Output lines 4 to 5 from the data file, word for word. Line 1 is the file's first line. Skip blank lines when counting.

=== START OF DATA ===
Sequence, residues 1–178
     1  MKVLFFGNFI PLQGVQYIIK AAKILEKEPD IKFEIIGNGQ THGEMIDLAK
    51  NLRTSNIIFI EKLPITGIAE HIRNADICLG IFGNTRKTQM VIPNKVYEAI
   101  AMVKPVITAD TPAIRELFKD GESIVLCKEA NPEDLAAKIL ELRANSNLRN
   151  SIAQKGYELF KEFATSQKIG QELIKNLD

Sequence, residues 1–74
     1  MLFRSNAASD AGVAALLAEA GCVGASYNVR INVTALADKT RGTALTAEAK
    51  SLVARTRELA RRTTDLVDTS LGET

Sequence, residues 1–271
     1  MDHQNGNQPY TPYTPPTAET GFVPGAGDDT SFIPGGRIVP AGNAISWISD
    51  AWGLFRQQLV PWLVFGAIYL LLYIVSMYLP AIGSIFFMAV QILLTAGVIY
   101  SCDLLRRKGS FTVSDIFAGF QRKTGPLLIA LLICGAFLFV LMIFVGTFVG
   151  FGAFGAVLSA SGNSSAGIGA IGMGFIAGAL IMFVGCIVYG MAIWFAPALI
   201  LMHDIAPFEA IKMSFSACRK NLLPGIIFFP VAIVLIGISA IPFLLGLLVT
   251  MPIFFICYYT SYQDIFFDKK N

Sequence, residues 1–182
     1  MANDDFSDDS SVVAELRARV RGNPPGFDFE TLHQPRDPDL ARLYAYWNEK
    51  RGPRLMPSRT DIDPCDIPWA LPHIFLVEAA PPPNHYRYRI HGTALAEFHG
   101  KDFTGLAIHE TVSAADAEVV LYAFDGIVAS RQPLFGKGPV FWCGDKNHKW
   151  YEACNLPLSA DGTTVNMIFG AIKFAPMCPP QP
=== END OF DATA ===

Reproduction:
   101  AMVKPVITAD TPAIRELFKD GESIVLCKEA NPEDLAAKIL ELRANSNLRN
   151  SIAQKGYELF KEFATSQKIG QELIKNLD